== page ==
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Biotech Advisory Committee Meeting Scheduled

USDA announced that 4th meeting of Advisory Committee on Agricultural Biotechnology (ACAB) and first in new Bush Administration is scheduled for April 17-18. Jimmy Dodson, Texas producer and chairman of NCC Environmental Task Force, is member of committee.

Topics to be discussed will include: (1) role and activities of USDA's public plant breeding program; (2) gene flow from transgenic crops to other plants and current and potential USDA roles in addressing issues presented; and (3) developing framework for discussion of biotechnology budget priorities. There will also be several updates on current biotechnology developments, including StarLink corn situation, and ongoing USDA biotechnology related activities.

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Cotton Dust Standard Amendment Approved

Effective April 6, textile manufacturers that use batch washed cotton will be exempt from all provisions of OSHA cotton dust standard except for some medical surveillance provisions. Washing raw cotton before it is spun and woven eliminates risk of respiratory disease for workers exposed to cotton dust.

Occupational Safety and Health Administration (OSHA) published direct final rule last December, reflecting this amendment and announced that changes would be effective April 6 if no adverse comments were received in comment period. No comments were received. Industry and labor supported amendment, which adds another acceptable method for washing cotton to standard. Continuous flow system, processes that produce medical cotton and normal dyeing, scouring, bleaching and mercerization are already acceptable as washed cotton treatments.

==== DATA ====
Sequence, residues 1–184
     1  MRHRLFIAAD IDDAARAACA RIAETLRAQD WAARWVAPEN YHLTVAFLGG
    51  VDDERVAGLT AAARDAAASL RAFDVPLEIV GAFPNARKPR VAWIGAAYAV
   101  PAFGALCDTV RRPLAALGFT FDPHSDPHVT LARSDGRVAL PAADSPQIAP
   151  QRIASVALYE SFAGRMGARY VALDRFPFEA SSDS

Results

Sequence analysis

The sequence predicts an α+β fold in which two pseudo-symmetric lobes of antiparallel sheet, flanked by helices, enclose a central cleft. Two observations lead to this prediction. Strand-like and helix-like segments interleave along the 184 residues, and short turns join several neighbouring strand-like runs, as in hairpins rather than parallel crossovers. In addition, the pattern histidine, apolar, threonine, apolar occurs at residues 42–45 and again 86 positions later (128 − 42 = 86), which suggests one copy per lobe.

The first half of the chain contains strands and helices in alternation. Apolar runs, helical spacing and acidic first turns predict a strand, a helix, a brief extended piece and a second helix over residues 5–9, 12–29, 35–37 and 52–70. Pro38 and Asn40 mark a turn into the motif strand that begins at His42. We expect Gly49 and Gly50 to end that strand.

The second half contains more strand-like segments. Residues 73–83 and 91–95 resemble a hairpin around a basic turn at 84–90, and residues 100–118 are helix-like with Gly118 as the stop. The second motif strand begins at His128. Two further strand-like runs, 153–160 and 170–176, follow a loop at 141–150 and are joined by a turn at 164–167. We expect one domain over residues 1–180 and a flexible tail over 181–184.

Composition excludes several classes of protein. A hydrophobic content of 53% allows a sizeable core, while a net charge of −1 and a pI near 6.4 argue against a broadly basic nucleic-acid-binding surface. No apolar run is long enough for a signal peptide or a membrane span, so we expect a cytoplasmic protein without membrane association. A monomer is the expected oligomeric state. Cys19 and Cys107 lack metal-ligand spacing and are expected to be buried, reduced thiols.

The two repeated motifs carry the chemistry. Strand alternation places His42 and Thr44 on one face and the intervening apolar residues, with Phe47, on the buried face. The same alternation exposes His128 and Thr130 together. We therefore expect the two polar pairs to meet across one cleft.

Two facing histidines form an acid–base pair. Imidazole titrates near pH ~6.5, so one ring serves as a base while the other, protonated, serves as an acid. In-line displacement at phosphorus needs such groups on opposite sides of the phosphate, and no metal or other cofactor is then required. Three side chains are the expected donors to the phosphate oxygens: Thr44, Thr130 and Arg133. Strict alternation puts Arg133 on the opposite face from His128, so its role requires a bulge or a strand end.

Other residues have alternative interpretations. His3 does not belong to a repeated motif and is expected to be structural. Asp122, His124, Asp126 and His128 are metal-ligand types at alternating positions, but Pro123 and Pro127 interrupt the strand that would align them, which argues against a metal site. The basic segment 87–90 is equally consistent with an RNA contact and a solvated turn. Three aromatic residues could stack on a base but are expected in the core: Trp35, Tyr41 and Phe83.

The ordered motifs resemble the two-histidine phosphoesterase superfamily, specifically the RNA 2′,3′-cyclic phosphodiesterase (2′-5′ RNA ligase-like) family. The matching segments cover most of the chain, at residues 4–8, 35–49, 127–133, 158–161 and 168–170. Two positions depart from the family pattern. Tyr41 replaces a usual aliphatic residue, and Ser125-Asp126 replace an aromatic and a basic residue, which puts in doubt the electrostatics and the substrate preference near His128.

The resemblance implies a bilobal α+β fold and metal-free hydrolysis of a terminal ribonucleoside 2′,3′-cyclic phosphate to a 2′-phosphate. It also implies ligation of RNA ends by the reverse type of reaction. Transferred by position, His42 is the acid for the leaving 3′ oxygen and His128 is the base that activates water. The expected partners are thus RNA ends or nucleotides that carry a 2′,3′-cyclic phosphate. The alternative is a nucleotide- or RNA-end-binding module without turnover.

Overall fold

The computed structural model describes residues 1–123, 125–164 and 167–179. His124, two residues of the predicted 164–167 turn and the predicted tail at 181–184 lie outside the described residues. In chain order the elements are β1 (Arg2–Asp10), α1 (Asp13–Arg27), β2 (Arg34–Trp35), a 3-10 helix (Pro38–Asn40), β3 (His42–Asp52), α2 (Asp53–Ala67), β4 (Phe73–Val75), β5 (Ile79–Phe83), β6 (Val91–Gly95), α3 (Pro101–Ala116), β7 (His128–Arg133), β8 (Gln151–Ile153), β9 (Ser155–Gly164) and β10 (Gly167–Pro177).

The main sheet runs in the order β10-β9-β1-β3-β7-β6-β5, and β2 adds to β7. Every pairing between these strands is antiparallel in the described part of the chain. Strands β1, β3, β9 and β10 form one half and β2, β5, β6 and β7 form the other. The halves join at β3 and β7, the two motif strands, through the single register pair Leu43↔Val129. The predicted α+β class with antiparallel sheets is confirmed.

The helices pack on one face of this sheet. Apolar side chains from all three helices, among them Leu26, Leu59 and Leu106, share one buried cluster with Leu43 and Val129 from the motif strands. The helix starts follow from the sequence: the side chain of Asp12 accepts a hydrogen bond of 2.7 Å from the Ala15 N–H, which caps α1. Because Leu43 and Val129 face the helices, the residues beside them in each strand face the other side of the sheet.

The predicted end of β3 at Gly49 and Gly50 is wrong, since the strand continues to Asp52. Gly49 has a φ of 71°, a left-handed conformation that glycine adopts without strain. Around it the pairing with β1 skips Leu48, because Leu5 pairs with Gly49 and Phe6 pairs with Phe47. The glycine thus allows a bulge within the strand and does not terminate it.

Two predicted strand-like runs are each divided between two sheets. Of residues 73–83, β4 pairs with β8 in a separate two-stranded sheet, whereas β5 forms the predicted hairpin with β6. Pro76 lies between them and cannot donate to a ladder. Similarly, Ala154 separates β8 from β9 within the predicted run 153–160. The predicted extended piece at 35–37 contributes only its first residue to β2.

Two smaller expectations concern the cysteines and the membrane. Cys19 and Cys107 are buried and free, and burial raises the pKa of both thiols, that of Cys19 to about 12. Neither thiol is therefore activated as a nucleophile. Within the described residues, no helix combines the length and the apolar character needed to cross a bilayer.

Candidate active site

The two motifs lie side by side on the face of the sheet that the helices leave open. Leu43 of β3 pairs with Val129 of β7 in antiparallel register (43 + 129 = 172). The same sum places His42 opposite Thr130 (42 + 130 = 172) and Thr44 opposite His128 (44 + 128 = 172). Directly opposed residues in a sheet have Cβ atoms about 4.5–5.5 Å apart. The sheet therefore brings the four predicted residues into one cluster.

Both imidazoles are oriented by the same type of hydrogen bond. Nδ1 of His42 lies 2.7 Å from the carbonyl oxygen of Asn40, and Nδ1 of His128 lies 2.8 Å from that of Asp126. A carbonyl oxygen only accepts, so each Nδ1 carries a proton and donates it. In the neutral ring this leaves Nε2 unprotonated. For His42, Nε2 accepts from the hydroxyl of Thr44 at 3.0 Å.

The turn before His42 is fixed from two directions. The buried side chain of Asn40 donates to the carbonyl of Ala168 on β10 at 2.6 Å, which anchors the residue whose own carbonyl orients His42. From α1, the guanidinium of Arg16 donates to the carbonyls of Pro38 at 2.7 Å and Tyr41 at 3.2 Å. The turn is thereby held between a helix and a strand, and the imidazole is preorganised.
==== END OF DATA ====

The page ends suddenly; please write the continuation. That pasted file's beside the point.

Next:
This was OSHA's first use of direct final rule process, which can be used for non-controversial standards. Amendments follow recommendations of Task Force for Byssinosis Prevention, which includes OSHA, National Institute for Occupational Safety and Health, USDA, NCC, American Textile Manufacturers Institute and Union of Needletrades, Industrial and Textile Employees.

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Imports Not Affected by Thailand Ban
on Planting of Biotech Crops

Thai government announced ban on all current field trials for ag biotechnology research. Resolution was announced in response to demands by Assembly of the Poor (AOP), local farmers group, Greenpeace and Thai non-governmental organization GreenNet.

There were initial press reports that Thai government had issued ban on imports of biotech enhanced (BE) corn, soybeans and cotton, but it has been determined that this report was erroneous and imports will continue. However, current ban on import of BE planting seed remains in effect.

Currently, there are no field trials being conducted in Thailand using BE material, while few requests have been made for laboratory tests. Latest Bt cotton field trials were completed in January. Since then, no further approval has been granted for field trials of any BE crops, despite request from American seed company for field testing of BE corn variety.

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Federated Fined for Children's Sleepwear
Flammability Standard Violations

Consumer Product Safety Commission (CPSC) announced that Federated Department Stores, Inc., of Cincinnati, OH, has agreed to pay $850,000 civil penalty to settle CPSC charges that it knowingly sold flammable/non-complying cotton garments as children's sleepwear.

"This is the largest fine in CPSC's history against a retailer for violating a federal law," said CPSC Chairman Ann Brown. Federated, which denies CPSC's charges, includes Bloomingdale's, Macy's, Lazarus, Stern's, Rich's, Burdines, Goldsmith's and The Bon Marche.

CPSC charged that garments sold by Federated did not meet federal safety standards, putting children at risk of serious burns. Charge also stated that on numerous occasions, from September `99 through January `00, Federated sold, offered for sale or imported about 600,000 loose-fitting, untreated, 100% cotton garments that were marketed, promoted or designed as children's sleepwear or robes. Garments were sold on racks in children's sleepwear departments/sections with or next to garments specifically labeled as sleepwear.